One of ordinary skill in the art will appreciate that any one of a number of delta formats could be used. One possibility is the VCDIFF compression format. See Korn, David and Vo, Kiem-Phong, “The VCDIFF Generic Differencing and Compression Data Format” Work in Progress IETF Draft. Another format can be generated using the UNIX DIFF utility and decoded using the PATCH utility.
The presently preferred delta document format, however, is designed to provide a compact representation of the differences between two resources independent of the MIME type of those resources. It is a binary format with very low overhead. The differential encoding used is based on a string substitution which uses of the reference entity as a dictionary for the encoded output using only variable length references to strings in the reference document and raw echo includes of non-replicated information from the entity being encoded. The algorithm implementation operates in fixed memory resources in time linearly proportional to the document size. Because the resource requirements do not vary with the size or complexity of the document, the algorithm has determinable bounds that make a suitable for high volume transaction environments.
An additional design goal of the delta is that the encoding can be removed in time linearly proportional to the size of the identity encoding, and that the encoding can be created in fixed space and linear time.
The format consists of a stream of functions and their associated data. It is presently preferred to use six different functions. A function consists of an operation code and an operation code defined amount of data. The function, taken as a whole, defines the amount of data associated with it.
For the presently preferred encoding, the bytestream has the following meaning: a 1 byte code, followed by a code dependent number of arguments (the arguments with the code form a function), followed by a function defined amount of input to the function.
Opcode 0×FA is the copy operator. It takes two numeric arguments, offset and len, respectively. To create output the function copies len bytes of input from the reference starting at offset bytes from the beginning of the reference. It copies this to the output.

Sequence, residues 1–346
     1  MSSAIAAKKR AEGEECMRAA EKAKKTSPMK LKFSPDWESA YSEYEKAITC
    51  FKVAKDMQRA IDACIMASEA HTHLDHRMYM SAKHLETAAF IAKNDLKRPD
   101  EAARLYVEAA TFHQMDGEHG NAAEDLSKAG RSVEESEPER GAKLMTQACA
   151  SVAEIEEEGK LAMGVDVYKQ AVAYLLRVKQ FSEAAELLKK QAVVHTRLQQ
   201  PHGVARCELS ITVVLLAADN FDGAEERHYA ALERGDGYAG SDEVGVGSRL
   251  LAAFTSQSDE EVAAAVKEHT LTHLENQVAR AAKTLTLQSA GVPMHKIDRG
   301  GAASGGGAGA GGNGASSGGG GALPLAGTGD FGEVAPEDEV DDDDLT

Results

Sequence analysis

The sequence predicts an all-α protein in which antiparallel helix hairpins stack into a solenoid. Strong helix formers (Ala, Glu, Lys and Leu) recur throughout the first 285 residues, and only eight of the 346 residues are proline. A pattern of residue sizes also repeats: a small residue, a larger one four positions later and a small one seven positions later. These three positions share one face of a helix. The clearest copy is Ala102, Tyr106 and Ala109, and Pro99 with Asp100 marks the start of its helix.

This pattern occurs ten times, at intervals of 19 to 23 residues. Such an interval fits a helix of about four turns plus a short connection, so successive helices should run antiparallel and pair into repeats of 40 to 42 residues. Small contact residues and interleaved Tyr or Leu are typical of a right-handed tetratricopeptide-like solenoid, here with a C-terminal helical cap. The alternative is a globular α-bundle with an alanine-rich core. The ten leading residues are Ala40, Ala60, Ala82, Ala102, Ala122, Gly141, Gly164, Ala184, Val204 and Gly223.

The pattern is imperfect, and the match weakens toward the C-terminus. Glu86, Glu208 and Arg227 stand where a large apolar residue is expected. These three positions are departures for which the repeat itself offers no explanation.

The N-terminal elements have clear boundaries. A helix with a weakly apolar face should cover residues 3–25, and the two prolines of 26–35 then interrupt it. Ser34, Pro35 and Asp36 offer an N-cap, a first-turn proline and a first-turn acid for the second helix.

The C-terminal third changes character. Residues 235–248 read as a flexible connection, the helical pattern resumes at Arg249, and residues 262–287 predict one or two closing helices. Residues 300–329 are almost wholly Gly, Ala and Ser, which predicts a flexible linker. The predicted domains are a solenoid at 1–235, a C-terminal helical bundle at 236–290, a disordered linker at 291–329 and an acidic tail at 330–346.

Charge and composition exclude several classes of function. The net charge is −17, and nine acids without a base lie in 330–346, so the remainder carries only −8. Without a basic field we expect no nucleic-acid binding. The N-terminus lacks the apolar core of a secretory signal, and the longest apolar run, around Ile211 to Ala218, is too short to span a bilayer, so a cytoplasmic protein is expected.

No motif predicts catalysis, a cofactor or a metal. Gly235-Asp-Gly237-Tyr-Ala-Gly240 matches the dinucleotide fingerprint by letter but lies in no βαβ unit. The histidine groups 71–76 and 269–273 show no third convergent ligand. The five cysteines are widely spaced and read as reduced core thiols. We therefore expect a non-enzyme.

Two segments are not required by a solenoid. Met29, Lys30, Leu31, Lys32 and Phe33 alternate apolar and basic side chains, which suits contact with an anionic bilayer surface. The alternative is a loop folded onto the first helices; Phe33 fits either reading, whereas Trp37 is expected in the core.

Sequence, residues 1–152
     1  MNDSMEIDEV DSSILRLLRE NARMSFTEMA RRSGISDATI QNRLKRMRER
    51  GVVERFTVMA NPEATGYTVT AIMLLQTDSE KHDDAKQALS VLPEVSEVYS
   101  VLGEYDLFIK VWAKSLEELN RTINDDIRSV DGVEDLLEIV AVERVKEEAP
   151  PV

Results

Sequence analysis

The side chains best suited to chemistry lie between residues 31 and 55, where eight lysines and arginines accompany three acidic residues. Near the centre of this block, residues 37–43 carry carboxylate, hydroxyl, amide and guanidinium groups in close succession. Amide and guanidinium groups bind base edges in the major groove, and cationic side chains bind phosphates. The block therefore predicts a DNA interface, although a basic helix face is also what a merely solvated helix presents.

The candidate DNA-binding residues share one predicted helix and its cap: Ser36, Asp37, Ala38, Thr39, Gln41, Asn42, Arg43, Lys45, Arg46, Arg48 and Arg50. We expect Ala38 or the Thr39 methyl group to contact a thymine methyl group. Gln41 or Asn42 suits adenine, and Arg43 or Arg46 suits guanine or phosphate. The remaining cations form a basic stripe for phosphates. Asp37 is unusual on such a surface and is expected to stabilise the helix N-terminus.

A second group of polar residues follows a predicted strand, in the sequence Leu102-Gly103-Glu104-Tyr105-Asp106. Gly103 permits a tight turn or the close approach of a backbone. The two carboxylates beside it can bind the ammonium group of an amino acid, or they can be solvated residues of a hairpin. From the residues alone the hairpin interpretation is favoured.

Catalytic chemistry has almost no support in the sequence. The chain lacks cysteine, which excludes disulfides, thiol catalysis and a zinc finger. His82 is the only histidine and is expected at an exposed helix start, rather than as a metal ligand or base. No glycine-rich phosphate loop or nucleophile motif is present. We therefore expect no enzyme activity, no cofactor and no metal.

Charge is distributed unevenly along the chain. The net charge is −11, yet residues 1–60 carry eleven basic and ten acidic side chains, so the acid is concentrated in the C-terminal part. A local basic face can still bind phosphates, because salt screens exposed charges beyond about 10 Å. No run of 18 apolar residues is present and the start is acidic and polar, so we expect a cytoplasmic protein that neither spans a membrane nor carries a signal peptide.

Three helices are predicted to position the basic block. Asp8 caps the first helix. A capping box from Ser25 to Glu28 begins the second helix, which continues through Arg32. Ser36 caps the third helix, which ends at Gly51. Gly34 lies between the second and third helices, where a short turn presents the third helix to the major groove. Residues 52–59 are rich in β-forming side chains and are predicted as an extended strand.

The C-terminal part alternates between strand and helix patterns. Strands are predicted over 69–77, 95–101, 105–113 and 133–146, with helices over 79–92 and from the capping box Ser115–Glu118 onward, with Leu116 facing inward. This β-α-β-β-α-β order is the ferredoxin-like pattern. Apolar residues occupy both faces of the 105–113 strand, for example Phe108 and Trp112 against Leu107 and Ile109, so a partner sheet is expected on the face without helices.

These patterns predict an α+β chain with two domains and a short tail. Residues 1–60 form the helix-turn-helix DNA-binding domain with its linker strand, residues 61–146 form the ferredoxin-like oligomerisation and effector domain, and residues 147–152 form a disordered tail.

Opcode 0×FB is the echo operator. It takes one numeric argument, namely, len. To create output copy, Opcode takes len bytes of input from the delta bytestream starting at the byte immediately following the last byte of the len argument. It copies this data onto the output as literals.
Opcode 0×FC is the store operator. It is like the echo argument, except the amount of data specified by its one numeric argument should simply be skipped and left uninterpreted rather than copied to the output. This data can be referenced by the local-copy operator.
Opcode 0×FD is the local-copy operator. It takes two arguments: offset and ten just like the copy operator. For this function the data is taken from the delta file, not from the dictionary (reference) file. It has two purposes: it allows a compression-like scheme where, when non-dictionary data is included redundantly in the delta, it can be reduced to a reference. Also, it can be useful in dynamically generated deltas over networks where bytes used can be traded for total end-to-end latency. The offset must be a point in the document previous to, and wholly contained within, 16 KB of the opcode.
Opcode 0×FE is the reference checksum operator. Following this opcode are 4 bytes that represent a CRC-32 checksum of the reference document against which this delta is expected to be applied. As deltas do not have to be applied to exactly one reference document, the appearance of this code is not required in a valid a-delta file.
Other opcodes less than 0×FA are implicit length 1 echoes. They copy the opcode itself to the output and consider the next byte as a new opcode . . . 0×FE and 0×FF are reserved at this time.
Numeric values in the delta stream are of variable length and are always integers. Each integer is stored in the byte stream MSB (Most Significant Bits First). Each 8 bit byte in the output streams contains 7 bits of the data to be stored and the high bit indicates if another output byte is required. Thus, decimal 255 would be stored as 0×817F and decimal 284 would be stored as 0×821C.
Some examples of numeric encoding for such a delta format follow:
Again, it will be readily apparent to one of ordinary skill in the art that other delta formats may be used, and the invention is not limited to the use of any particular encoding scheme.
While the differential formats are not defined explicitly by RFC 2616, that standard does explicitly provide the framework for negotiating and applying this new content type in a 100% inter-operable and open standards fashion. By publishing the details of the encoding format other implementations of the algorithms should be able to interact seamlessly without regard to vendor and any web element implementations without differential support will still operate at their normal efficiency.